An armed citizen is not a sheep. By the simple fact of his existence and willingness to take responsibility for his own safety, he is a threat to the authority and career of the paper brigade. Doubly so by removing violent criminals from the population on a permanent basis. Why, the DA could have gotten a dozen more convictions off that guy!
A stiff majority of police in the field (as opposed to the chairbound political hacks) support an armed citizenry. If for no other reason than it cuts down on their workload.
So give the 'Dawg a break.

/Rant Off

Tower Tales said...

Well said, mark and very true!
People don't realize it, but THEY have given the local, state and Federal Government the power to do as it wishes with almost total control.
A happier day will come when people wake up and vote those powers back into the hands of the people...failing that, there'll be a pogrom.

BobG said...

"Only because there are those in your profession who would do the arresting..."

A LE person is only upholding the law; the blame lies with the elected officials who pass the laws, and thus a good portion of the responsibility must be assumed by those who vote, either by casting a ballot or not casting one when needed.
Just my opinion.

Mattexian said...

Whilst I didn't get my beloved a gun when we started dating, I did get her a keyring of pepper spray.

LD, your story reminds me of the tale of a frontier preacher giving the new groom a Bible and a Bowie, saying the Bible was to save their souls, the Bowie to save their lives.

dracphelan said...

Unfortunately, gun control (like many other increases in governmental power) is an attempt to apply simple solutions to complex societal problems. We passed prohibition, entered a fiscal depression and violent crime went up. Rather than admit the increase in crime was caused by the first two (and other problems), we chose to attack the tools used in the crimes. To many people refuse to admit that violent crime is a societal problem caused by various problems.

Anonymous said...

Unfortunately, most citizens do not know about the principle of "jury nullificiation" where jurors can vote their conscience and say "not guilty" even if the "facts" at a trial show the defendant as "guilty." Go to the Fully Informed Jury Association website at http://fija.org/ . Pass the word to everyone you know. If enough jurors used jury nullification to negate bad laws, perhaps the so-called lawmakers would repeal some of the idiotic laws on the books.

As an example of where jury nullification is needed for a really *bad* law is in the case of Julie Amero, the schoolteacher who faces a possible 40 years in prison for allowing her students to view porn on a classroom computer. What a travesty of justice! I work in computer support, and let me tell you that it is just about impossible to keep spyware/adware/malware off Windows PCs, and that sometimes that spyware delivers porn popups on the computer screen. Her case should have had a jury say "not guilty" in the strongest terms.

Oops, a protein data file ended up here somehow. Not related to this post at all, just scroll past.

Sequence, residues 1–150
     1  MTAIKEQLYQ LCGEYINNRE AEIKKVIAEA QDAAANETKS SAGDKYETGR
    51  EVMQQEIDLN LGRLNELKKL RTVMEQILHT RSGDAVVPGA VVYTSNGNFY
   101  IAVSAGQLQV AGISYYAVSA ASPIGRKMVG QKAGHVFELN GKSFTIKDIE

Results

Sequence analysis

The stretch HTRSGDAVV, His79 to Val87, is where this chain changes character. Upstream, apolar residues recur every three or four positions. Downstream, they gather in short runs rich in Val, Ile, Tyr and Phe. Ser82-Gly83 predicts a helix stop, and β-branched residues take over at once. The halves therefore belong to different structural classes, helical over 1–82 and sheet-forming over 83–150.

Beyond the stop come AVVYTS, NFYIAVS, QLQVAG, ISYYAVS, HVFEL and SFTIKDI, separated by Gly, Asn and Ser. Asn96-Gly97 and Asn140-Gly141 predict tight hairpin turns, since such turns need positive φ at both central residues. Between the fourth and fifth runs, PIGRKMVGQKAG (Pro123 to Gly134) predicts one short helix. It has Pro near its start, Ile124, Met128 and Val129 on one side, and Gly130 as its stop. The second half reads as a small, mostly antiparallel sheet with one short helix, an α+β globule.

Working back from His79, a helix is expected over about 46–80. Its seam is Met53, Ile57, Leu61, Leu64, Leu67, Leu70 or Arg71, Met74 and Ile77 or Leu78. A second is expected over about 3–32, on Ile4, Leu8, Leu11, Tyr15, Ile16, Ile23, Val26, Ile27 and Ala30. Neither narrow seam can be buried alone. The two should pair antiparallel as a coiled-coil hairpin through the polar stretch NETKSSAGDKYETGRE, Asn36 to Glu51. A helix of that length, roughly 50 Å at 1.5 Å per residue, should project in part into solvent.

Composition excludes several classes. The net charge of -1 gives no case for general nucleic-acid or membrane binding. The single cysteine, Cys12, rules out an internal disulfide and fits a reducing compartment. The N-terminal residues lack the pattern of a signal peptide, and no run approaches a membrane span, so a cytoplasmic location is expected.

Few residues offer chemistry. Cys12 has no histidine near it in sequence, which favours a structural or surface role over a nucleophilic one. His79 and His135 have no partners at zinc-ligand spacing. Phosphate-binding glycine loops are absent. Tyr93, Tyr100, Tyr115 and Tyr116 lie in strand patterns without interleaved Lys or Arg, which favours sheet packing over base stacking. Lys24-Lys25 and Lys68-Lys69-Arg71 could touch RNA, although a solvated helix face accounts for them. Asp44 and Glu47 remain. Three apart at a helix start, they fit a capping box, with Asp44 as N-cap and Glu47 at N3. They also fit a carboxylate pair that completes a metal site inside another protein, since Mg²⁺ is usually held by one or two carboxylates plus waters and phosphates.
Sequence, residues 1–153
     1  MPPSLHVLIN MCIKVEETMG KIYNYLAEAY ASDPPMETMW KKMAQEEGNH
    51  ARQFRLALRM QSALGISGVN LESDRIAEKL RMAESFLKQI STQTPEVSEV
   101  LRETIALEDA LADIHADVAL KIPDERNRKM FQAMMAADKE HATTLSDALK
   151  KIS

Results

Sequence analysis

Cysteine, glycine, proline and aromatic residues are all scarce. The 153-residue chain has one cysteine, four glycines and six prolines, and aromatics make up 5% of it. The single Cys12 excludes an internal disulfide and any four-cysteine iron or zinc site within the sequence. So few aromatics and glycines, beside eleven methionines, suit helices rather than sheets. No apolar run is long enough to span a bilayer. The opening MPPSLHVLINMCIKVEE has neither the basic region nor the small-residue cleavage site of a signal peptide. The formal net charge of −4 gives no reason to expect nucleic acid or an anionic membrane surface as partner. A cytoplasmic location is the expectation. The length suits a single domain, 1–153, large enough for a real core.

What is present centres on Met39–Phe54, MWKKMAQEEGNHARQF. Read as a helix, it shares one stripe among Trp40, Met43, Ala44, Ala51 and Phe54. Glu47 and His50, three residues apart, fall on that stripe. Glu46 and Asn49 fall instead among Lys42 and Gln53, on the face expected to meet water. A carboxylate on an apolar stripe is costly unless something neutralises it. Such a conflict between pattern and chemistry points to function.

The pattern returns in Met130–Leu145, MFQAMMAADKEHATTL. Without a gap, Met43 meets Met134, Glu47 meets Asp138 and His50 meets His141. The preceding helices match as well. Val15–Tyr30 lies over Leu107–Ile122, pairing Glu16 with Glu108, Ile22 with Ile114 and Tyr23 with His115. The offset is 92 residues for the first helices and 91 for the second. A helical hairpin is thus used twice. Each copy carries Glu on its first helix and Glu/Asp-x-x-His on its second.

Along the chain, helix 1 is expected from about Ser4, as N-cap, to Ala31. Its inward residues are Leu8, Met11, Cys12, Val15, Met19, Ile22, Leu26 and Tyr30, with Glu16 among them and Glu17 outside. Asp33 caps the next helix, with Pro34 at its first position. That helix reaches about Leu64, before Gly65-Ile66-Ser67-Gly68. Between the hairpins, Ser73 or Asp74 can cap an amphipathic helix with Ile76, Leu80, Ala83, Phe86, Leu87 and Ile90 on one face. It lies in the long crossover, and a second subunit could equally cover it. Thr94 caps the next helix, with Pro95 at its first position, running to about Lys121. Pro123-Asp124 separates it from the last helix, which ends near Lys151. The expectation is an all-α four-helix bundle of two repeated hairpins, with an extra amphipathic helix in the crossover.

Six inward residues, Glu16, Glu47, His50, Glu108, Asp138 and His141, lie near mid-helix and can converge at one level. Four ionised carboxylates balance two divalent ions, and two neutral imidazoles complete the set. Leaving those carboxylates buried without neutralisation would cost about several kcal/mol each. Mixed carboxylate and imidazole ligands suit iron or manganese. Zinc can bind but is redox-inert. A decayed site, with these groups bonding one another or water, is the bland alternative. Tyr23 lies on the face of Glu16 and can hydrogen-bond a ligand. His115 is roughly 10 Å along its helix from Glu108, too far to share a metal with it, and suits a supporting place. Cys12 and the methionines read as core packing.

The few times I had to go to jury duty, I printed off a bunch of literature and left it in various locations in the juror's room so other potential jurors could stumble upon it and learn about jury nullification. I think it's also criminal that judges will not inform jurors about that principle, and that they will try to exclude jurors who do know about jury nullification. So the solution is for everyone to know about it, then they won't be able to exclude anyone from the jury!

-- Garry K

Jim w. said...

Chronology...
Those .22 derringers were made around 1960.
Nana is nearly 100 and was therefore about 53 when that gun was built.
Was she Granda's second wife and not your Grandma?

LawDog said...

Hmm.

I'm going to be very irritated if "Nana's Wedding Pistol" turns out to be a story spun by my Granda.

Investigation is required.

David said...

Once upon a time "society" understood the concept of "responsible adult".

Desertrat said...

Jim W, Henry Deringer started his thing long before 1960. Try 1852. The later-made small single-shots were generically labelled "derringer".

Derringers and "purse pistols" were fairly common items for ladies and even those who might have been considered as less than genteel. A certain amount of equality existed long before Lone Wolf Gonzaullas' famous comment: "God created all men equal. Sam Colt made them all the same size."

Gonzaullas, a Texas Ranger Captain, helped bring Texas into the modern era of law enforcement. Among other things, he started the forensics lab of DPS.

But, like many, he thought of himself as a Peace Officer.

Art

Jim w. said...

Art, we are not talking here about a Henry Deringer percussion pistol, nor yet a Colt-Thuer No 3; the gun illustrated is a Butler Colt No 4 .22 Short made 1959-1963 according to Fjestad.

Rabbit said...

My dad bought a set of those (Lord and Lady derringers) right around the time I was born. I still have them, although they went through the fire at the old family place several years ago. One of them was the first firearm I ever fired, at about age 3 or 4. I recall it well.

We also knew Ranger Gonzallus. He was assigned to my hometown during the Boom. I knew him after his retirement, and he knew me. Dad owned several pistols he acquired from him, some of which I now have.


Regards,
Rabbit.

Zylogue said...

I believe a part of the issue is the proliferation of media outlets. The old saying of the 'squeaking wheel gets greased' is particularly important when looking at how our society has changed. The anti-gun lobbiests would accept this as progress. They squeaked and they got greased. The res of us got shafted, with out consideration of lubricant.

The Pagan Blacksmith

Stanley said...
This comment has been removed by the author.
Rorschach said...

History lesson, How many know when and why the prohibition on mail order guns was instituted?

Heres a hint...

School book repository in Dallas...

Ring any bells now?

Anonymous said...

"Art, we are not talking here about a Henry Deringer percussion pistol, nor yet a Colt-Thuer No 3; the gun illustrated is a Butler Colt No 4 .22 Short made 1959-1963 according to Fjestad."

I've seen recently made copies of the old Colt derringer in .22short. I'm wondering how the BS-caller can tell the difference. I'd say he's either ignorant or a troll. Since both types are quite common, It's hard to tell which in some cases.